Tributes to Charles Abeysekera

[TamilNet, Friday, 05 June 1998, 23:59 GMT]
An array of notable individuals, including political leaders, intellectuals, aesthetes and human rights activists hailed the work of the late Charles Abeysekera (1926-1998), at a commemoration ceremony held in Colombo yesterday evening.

Prof. G. L. Peiris, Minister of Justice and Constitutional Affairs said that Abeysekera had died at a time when someone like him was "urgently and desperately needed," while Prof. S. Sivathamby, of the Eastern University, described him as 'a friend of the Tamils'.

Prof. Peiris said that Abeysekera's vision was not a disjointed jumble of thoughts, but a coherent set of ideas woven around the theme of nation building.

He said that Abeysekera's work touched issues such as language, education, the value system, constitutional matters and human rights.

He had left an enduring mark on all these areas of human concern said the Minister.

Abeysekera was deeply committed to strengthening institutions in civil society and wanted to use these organisations to bring pressure to bear on the Peoples Alliance (PA) and the United National Party (UNP) to formulate a set of political principles which would find expression in a constitution, said Prof. Peiris.

Richard Reoch, Chairman of the London based NGO Forum on Sri Lanka said, "I am here, fundamentally, because I loved this man .I would have done anything to have his vision, his intellect, his compassion, his gentleness and his nobility."

He assured people of Sri Lanka that there were thousands across the globe who were aware of the suffering that Sri Lankans were undergoing. "Our prayers are with you," he said.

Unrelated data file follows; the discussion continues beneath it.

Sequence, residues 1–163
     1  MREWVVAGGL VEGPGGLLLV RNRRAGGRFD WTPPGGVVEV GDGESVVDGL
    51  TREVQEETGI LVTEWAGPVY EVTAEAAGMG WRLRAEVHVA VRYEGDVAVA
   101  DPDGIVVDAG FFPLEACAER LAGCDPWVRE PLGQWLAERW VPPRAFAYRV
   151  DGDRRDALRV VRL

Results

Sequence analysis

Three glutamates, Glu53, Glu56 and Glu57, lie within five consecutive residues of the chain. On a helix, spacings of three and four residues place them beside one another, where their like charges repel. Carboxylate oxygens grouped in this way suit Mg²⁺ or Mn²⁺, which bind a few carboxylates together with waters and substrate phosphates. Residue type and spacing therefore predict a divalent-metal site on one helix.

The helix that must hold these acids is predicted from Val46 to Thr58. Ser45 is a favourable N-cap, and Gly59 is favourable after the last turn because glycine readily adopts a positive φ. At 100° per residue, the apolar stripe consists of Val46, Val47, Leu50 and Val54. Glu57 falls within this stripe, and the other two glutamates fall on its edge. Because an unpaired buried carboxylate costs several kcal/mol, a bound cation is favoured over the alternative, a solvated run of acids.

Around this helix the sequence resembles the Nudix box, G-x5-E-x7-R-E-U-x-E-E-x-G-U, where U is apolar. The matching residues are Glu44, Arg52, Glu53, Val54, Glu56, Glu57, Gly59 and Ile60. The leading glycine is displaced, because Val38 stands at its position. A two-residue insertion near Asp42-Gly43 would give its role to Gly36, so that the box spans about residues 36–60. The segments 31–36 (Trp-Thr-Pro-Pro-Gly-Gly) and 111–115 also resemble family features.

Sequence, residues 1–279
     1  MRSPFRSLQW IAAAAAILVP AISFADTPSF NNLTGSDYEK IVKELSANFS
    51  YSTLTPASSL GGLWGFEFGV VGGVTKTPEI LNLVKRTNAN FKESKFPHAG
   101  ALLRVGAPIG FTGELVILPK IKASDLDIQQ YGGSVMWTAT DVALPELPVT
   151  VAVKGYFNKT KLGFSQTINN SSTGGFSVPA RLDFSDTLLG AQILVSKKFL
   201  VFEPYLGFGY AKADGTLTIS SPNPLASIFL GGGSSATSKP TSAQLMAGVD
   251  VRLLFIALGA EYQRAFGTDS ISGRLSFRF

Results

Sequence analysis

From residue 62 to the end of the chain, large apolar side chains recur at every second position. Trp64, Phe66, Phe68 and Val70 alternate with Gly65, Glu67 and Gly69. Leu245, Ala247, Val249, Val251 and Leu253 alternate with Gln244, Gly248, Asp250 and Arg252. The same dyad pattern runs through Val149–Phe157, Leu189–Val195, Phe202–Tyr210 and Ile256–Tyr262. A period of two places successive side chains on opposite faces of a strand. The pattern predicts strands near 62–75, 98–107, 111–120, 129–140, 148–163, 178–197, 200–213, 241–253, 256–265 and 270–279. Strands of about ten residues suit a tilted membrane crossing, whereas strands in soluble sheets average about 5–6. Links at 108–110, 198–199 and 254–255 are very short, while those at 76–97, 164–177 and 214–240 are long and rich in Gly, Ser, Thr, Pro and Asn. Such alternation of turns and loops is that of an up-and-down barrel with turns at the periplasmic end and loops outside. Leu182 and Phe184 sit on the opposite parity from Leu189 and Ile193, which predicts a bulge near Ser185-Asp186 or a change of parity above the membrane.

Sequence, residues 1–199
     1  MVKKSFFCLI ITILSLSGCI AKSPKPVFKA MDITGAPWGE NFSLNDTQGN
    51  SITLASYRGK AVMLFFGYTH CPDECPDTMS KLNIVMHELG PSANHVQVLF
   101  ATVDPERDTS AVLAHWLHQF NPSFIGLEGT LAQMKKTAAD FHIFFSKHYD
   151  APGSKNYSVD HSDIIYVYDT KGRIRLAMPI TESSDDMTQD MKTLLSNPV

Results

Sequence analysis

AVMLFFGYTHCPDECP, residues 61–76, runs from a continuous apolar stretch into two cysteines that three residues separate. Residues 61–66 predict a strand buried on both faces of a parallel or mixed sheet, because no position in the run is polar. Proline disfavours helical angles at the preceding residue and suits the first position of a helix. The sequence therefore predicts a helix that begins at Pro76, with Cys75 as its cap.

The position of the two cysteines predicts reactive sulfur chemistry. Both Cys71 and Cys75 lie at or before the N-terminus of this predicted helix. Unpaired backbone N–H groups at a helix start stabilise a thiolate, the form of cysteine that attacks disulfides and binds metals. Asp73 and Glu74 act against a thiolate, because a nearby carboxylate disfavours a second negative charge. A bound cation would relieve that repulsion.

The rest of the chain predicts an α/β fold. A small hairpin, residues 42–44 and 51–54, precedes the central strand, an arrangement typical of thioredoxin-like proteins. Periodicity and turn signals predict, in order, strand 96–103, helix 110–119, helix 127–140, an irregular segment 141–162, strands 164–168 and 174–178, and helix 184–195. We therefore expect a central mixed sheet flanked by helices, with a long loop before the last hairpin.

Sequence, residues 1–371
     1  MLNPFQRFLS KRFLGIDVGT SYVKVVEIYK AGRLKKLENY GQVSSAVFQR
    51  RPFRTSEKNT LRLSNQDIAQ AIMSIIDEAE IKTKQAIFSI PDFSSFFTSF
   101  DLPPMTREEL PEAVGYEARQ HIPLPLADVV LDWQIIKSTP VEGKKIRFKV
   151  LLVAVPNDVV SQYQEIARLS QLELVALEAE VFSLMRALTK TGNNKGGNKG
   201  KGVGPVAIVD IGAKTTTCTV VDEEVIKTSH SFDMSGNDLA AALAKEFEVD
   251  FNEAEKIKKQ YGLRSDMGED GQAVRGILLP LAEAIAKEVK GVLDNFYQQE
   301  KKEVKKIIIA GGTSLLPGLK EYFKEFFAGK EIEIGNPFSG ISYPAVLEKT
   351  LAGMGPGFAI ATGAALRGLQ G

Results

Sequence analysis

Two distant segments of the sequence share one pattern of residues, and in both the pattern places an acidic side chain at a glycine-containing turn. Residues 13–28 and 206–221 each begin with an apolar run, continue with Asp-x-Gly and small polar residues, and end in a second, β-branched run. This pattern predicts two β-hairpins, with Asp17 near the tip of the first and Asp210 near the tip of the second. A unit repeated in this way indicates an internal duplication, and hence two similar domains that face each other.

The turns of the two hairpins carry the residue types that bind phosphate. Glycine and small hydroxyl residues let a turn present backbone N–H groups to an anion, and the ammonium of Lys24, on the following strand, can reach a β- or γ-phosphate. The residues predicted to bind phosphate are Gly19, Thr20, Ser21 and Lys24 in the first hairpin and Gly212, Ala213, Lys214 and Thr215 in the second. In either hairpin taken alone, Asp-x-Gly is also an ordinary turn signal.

Mahinda Samarasinghe, MP (UNP) said that Abeysekera combined some of the finest qualities a human being could possess - a father figure, an open and receptive mind and as an activist.

He said that Abeysekera never felt uneasy to work with people whom he had criticised and used gentle persuasion to win over those who opposed his ideas.

"He did not challenge the leadership of my party (UNP) as lacking in vision," said Mr. Samarasinghe.

"At every point he intervened intellectually and emotionally with forces of tolerance and accommodation," said Neelan Tiruchelvam (Tamil United Liberation Front), who outlined Abeysekera's activism in human rights and conflict resolution.

A. J. Gunawardene, former Professor of English, University of Keleniya, said that Abeysekera's activism stemmed from a deep commitment to liberate the arts from political domination.

He was a person of great sensitivity who could have been a dilettante of the arts or hedonist, but became an activist so that he could share his unique gifts with others, said the Professor.

 

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